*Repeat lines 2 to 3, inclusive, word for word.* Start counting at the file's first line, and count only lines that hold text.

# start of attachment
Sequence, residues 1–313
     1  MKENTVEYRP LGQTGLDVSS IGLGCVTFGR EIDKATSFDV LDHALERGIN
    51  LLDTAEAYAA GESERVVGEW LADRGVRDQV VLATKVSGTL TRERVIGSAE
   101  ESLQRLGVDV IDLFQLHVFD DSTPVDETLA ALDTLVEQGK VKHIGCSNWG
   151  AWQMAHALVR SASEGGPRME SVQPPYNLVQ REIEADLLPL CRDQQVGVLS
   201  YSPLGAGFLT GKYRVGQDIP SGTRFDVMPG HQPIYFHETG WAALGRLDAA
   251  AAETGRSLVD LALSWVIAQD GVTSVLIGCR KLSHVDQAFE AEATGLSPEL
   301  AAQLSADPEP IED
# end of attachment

     1  MKENTVEYRP LGQTGLDVSS IGLGCVTFGR EIDKATSFDV LDHALERGIN
    51  LLDTAEAYAA GESERVVGEW LADRGVRDQV VLATKVSGTL TRERVIGSAE